Hope that helps! (Although I doubt it.)

 

 

MtB

Link to comment
Share on other sites

If the water has been there for twenty years, then the boat is not going to sink.

 

The water cannot get out but also more cannot get in.

 

Most likely is a leak somewhere in the boats pipe work or the shower pump has a leak.

 

As for inspection hatch, I expect there isn't one.

 

My boat does not have one but I made one about 4 ft square under the bed, well actually it was to remove some ballast but it does make a good inspection hatch, almost at most rear point of the cabin bilge.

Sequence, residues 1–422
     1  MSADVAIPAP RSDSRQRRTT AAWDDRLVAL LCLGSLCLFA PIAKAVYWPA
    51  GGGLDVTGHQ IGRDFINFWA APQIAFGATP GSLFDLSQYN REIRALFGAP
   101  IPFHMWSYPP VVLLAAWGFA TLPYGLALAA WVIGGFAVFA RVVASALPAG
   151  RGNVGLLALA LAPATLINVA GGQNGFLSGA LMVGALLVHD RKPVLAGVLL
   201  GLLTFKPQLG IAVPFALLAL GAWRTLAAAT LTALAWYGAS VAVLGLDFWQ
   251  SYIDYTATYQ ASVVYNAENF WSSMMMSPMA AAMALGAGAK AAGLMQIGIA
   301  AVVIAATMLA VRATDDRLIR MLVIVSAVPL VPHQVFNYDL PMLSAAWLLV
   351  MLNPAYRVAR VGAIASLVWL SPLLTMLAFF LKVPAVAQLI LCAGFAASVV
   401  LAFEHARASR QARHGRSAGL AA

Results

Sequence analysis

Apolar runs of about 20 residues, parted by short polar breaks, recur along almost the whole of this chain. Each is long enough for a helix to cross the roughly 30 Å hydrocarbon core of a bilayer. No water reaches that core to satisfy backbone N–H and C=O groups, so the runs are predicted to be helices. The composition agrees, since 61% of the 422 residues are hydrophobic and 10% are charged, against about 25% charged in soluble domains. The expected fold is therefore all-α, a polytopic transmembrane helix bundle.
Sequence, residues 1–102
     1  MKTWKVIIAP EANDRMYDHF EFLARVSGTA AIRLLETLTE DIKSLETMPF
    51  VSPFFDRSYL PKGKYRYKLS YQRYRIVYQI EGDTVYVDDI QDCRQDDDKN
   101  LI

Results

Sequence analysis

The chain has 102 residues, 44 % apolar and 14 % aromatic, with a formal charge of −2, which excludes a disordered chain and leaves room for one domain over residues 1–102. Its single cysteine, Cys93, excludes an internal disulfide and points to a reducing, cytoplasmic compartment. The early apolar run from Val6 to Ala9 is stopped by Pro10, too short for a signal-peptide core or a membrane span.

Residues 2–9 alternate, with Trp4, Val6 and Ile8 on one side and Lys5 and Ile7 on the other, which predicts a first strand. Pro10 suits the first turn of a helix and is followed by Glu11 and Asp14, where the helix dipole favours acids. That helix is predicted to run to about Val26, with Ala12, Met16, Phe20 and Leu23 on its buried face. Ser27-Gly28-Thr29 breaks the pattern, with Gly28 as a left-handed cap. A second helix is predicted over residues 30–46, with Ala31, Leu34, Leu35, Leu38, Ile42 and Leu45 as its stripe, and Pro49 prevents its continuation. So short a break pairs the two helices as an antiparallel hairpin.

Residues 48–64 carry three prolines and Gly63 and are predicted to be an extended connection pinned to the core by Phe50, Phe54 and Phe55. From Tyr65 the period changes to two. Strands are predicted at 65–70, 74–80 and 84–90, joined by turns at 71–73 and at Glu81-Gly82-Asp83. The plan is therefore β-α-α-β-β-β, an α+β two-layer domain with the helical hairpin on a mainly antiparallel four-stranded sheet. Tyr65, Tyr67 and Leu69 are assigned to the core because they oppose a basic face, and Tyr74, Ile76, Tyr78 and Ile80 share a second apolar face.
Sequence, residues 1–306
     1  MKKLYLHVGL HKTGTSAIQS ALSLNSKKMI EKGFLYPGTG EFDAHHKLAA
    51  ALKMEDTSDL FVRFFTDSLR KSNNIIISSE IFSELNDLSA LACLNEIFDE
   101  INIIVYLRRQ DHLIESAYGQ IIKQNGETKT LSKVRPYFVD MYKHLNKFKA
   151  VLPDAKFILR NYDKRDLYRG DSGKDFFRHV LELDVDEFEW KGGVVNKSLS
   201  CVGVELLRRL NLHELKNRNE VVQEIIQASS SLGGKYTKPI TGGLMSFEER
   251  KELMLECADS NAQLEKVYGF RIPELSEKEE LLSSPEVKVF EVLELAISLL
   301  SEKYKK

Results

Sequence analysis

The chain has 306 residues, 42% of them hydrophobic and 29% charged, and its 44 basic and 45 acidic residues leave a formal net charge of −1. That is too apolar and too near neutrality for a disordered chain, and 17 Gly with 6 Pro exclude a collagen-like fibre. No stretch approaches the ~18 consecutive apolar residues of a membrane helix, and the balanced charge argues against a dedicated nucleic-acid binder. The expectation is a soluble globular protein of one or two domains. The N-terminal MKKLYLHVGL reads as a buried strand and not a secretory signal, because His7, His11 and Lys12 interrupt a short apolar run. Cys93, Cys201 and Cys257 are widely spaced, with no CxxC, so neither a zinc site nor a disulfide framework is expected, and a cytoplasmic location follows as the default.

Link to comment
Share on other sites

When looked on ours to try to find access to the cabin bilge, the clue was that the base of the wardrobe was screwed in place rather than nailed. Removing that there is a 3in diameter hole through the floor right by the engine bulkhead (modern trad). Through that hole I can see that it is dry and if there was water could pump it out, but my intention (sometime!) is to make that bigger so that if I do need access it is easier.

Link to comment
Share on other sites

I can assure you that the water has not been there for twenty years! We have had some sizeable water tank related leaks in the past resulting in a lot of water in the bilge. Any remaining water after pumping has always evaporated

 

I'm with Mike - check your shower tray, drain, pump and pipework

 

The pump outlet pipe is connected to a skin fitting I suppose...

 

Richard

Link to comment
Share on other sites